Something we often do with saints is to speak of their special charism, what it is about them that especially reflects the glory of God . I once heard the glory of God likened to a disco ball with countless facets that shine and catch the light into the world, and an individual saint’s charism is being just one of those facets, those surfaces which catches the light and reflects something particular about God for us, and from which we in the Church might learn. I think that is the case with St Dunstan, more than a thousand years have passed since he lived and died. What might be St Dunstan’s special charisms for us, here and now? In Camberwell, in the Anglican Church of Australia – in a small parish with great heart but some financial challenges, and in a rapidly changing society where Christianity is not nearly as widely accepted as it was? There are two or three points I would like to make concerning this. The first is that St Dunstan lived in one of the most turbulent times in English history. This was the period before the united English monarchy and there were no fewer than six kings in England and Scotland, each with their own small kingdom. As well, the Danish Viking raids and a presence in England still continued. In fact, many of Dunstan’s relatives in Wessex where he came from held to the old Danish, that is, the Norse religion. Viking sackings had left many monasteries in ruins and the Church in disarray, much diminished and dispirited all over the country. Challenges to the Christian faith and it’s needing to compete with other value systems is not new and should not sap our confidence. We are not defined by the perceptions of the society around us or by their values. The second thing is that Dunstan came from a noble family and, although he was a monk, his life was far from secluded and peaceful. All his life he was known as a man of prayer and great learning, but he lived much of his life at the courts of one king or another and he was an active player in court politics. It was not that he was what we would today call a ‘political animal’: rather, because he stood up at all times for the Christian faith and the welfare of the Church and its people and this meant he made enemies. Once he was thrown into a cesspit and left for dead. Twice he fled royal courts barely escaping with his life. I’m not sure what we can learn from this: perhaps that we too can overcome difficulties and -even quite large ones – that we might face. The third thing is that during his lifetime, Dunstan did manage to re-establish the great monastery at Glastonbury in Somerset, which had fallen into ruin. Then, as Archbishop of Canterbury for nearly thirty years, Dunstan became virtually the Prime Minister of southern England. Dunstan realised that the Church in England could no longer be organised just around the monasteries and he set about strengthening and expanding the parish system. Dunstan cannot have been certain he was reading the signs of the times correctly – one never can be – , but he went ahead, doing what he believed was best with great courage. Making this fundamental change for the Church. I think the common factor in all these aspects of Dunstan’s charism is that he knew the great treasure that his Christian faith was to him. He never resiled from that. He acted out of his faith and for the sake of it, in the very complex and challenging environment that he found himself in. He was not afraid of change. He took the gifts and empowering of the Holy Spirit that were offered to him. I think it’s here that the charism of Saint Dunstan for us can be found.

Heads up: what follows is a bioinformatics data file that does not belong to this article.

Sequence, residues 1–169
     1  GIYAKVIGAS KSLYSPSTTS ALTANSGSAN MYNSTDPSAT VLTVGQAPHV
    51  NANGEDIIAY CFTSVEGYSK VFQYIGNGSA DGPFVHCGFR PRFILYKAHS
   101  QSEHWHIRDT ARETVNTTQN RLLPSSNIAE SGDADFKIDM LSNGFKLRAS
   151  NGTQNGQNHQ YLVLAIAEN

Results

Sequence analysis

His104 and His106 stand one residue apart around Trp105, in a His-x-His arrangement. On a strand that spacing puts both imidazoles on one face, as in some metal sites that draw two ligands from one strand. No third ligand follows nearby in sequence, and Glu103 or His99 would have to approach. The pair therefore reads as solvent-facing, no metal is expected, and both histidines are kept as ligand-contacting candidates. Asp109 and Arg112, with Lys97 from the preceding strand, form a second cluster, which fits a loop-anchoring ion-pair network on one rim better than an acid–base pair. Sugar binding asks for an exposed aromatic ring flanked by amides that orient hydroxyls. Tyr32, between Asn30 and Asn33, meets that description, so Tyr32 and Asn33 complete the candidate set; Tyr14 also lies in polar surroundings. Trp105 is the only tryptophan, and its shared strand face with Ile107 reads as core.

Pause

GIVEN TO ST DUNSTAN’S

It seems audacious to compare St Dunstan’s parish here to the circumstances of Saint Dunstan’s life more than a thousand years ago, and even further back, to the apostles at Pentecost, but that is exactly what I believe we should do. We are the heirs, the descendants, the sons and daughters of those who heard the mighty wind and saw the flames. They heard and saw wondrous signs of God, but so did Saint Dunstan and so can we. We shouldn’t sell ourselves short; we should take ourselves seriously as the people of God in this place. We shouldn’t underestimate the empowering of the Holy Spirit in our lives lived together here. We can believe in Pentecost today and we have the charism of Saint Dunstan with us.